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Legal Update: Deadlines For Adopting Condominium Budgets Are Fast Approaching

Legal Update: Deadlines For Adopting Condominium Budgets Are Fast Approaching

By: Christopher L. Pope, Esq., Florida Bar Board Certified Specialist in both Construction law and Condominium and Planned Development Law

Effective July 1, 2021, Florida condominium law now requires that the annual budget for condominium associations be proposed to unit owners and adopted at least 14 days before the beginning of the fiscal year. Most condominium associations use the calendar year, and their fiscal year begins on January 1st and ends on December 31st of each year. As such, the deadline for most condominiums operating on the calendar year is December 18th, which falls on a Saturday this year.  

In addition, the condominium law requires that notice of any meeting at which the budget will be considered, along with a copy of the proposed budget, must be sent at least 14 days in advance of the meeting. As such, for a meeting held on December 18th, the latest deadline for sending notice would be December 4th. However, some association bylaws may require a longer notice period, moving the deadline earlier, so it is advisable to review the association’s bylaws now to confirm the notice period requirement.

Keep in mind that Section 718.112(2)(f), Florida Statutes, and Rule 61B-22.005 of the Florida Administrative Code, specifically require that all condominium budgets include fully funded statutory reserves, which includes reserve accounts for roofing replacement, painting, paving, and any other project that has an anticipated cost of greater than $10,000.00. As such, each year the Board has on obligation to propose and fund a budget with fully funded reserves – even if it anticipates that a majority of the voting interests will vote in favor of waiving or reducing reserves.

In light of the collapse of the Champlain Towers South Condominium in Surfside, Florida, we expect that budgets and reserves will be a focus and priority for State regulators (i.e. the Division of Florida Condominiums, Timeshares, and Mobile Homes, with the Department of Business and Professional Regulation), as well as concerned unit owners. The failure to properly and timely prepare the budgets could precipitate complaints from unit owners, enforcement action by State regulators, and penalties levied against condominium associations. 

If a condominium association fails to timely adopt the annual budget, the prior year’s budget will continue in effect until a new budget is adopted. However, the failure to timely adopt the annual budget a second time is a minor violation. So condominium associations should not waste their first strike if it can be avoided.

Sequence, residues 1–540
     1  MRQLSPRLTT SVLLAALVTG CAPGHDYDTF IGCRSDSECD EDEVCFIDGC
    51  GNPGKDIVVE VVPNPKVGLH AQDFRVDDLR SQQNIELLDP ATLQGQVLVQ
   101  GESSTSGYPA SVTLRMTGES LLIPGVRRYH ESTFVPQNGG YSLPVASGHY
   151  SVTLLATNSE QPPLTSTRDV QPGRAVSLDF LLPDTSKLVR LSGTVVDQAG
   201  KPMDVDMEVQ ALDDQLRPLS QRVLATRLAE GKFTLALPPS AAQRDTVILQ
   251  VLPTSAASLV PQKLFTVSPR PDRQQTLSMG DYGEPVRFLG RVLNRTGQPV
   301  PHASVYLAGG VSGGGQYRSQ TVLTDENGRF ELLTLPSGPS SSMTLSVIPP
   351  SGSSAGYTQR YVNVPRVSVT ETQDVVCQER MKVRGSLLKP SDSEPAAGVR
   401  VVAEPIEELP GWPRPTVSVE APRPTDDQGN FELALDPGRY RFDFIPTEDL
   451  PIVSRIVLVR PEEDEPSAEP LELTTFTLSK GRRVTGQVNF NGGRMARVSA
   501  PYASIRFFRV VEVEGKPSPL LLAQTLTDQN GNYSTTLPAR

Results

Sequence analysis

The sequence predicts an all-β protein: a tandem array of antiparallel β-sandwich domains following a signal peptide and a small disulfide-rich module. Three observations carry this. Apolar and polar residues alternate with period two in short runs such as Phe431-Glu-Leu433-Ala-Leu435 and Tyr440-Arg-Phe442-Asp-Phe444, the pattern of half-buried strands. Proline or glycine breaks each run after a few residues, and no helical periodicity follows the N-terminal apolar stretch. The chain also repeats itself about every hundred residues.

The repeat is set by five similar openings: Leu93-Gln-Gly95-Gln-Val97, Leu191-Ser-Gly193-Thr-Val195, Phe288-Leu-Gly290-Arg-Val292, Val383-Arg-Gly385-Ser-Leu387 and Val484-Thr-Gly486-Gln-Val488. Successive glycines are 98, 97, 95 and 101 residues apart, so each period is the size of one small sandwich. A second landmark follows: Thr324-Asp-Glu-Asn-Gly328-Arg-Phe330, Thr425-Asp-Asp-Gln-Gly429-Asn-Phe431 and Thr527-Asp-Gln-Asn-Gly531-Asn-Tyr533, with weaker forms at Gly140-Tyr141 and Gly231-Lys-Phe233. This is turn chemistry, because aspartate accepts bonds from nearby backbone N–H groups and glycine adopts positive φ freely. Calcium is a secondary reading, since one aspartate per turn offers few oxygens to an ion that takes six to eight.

Furthermore, failing to properly and timely adopt the annual budget may subject the condominium association to other violations and penalties. Rule 61-B-21.003 of the Florida Administrative Code governs the levying of costs and civil penalties. The minimum/maximum for minor violations is $500.00/$2,500.00 per violation, and the minimum/maximum for major violations is $500/$5,000.00 per violation.

The Penalty Guidelines in Rules 61B-21.002 and 61B-21.003, Florida Administrative Code, list the following as violations related to budgets and reserves:

Minor Violations ($500-$2,500 per violation)

CategoryStatute (F.S.) or Rule (F.A.C.)Description of Conduct/Violation
Budgets61B-22.003(1)(b), F.A.C.Failure to disclose the beginning and ending dates of the period covered by the proposed budget.
Budgets61B-22.003(1)(c), F.A.C.Failure to disclose periodic assessments for each unit type in the proposed budget.

Major Violations ($500-$5,000 per violation)

CategoryStatute (F.S.) or Rule (F.A.C.)Description of Conduct/Violation
Budgets718.112(2)(e), F.S.Failure to propose/adopt budget for a given year.
Budgets718.112(2)(f)1., F.S.Failure to include a schedule of limited common element expenses in budget.
Budgets61B-22.003(4)(a), F.A.C.Failure to prepare a separate budget for each condominium operated by the association, as well as for the association.
Budgets61B-22.003(1)(e),(f),(g), F.A.C.Failure to include reserve schedule in the proposed budget. Failure to disclose converter-reserve funding.
Budgets718.112(2)(f)2., F.S. 61B-22.005(3), (5), F.A.C.Improper calculation of reserve requirements.
Reserves718.112(2)(f)2., F.S. 61B-22.005(6), F.A.C.Failure to fund reserves in a timely manner.  Failure to fully fund reserves.
Reserves718.112(2)(f)2., F.S. 61B-22.005(8), F.A.C.Failure to follow proper method to waive or reduce reserve funding.
Reserves718.112(2)(f)3., F.S. 61B-22.005(7), F.A.C.Using reserve funds for other purposes without proper unit owner approval.

A note to the reader: This article is intended to provide general information and is not intended to be a substitute for competent legal advice. Competent legal counsel should be consulted if you have questions regarding compliance with the law.

Questions regarding the content of this article may be emailed to Christopher Pope at chrispope@paveselaw.com. To view past articles, please click “Publications” on our firm website. Mr. Pope is one of only two attorneys in Florida that is Florida Bar Board Certified in both Construction Law and Condominium and Planned Development Law. He is a partner and an experienced construction and real estate attorney with the Pavese Law Firm, 1833 Hendry Street, Fort Myers, FL 33901; Telephone: (239) 334-2195; Fax: (239) 332-2243.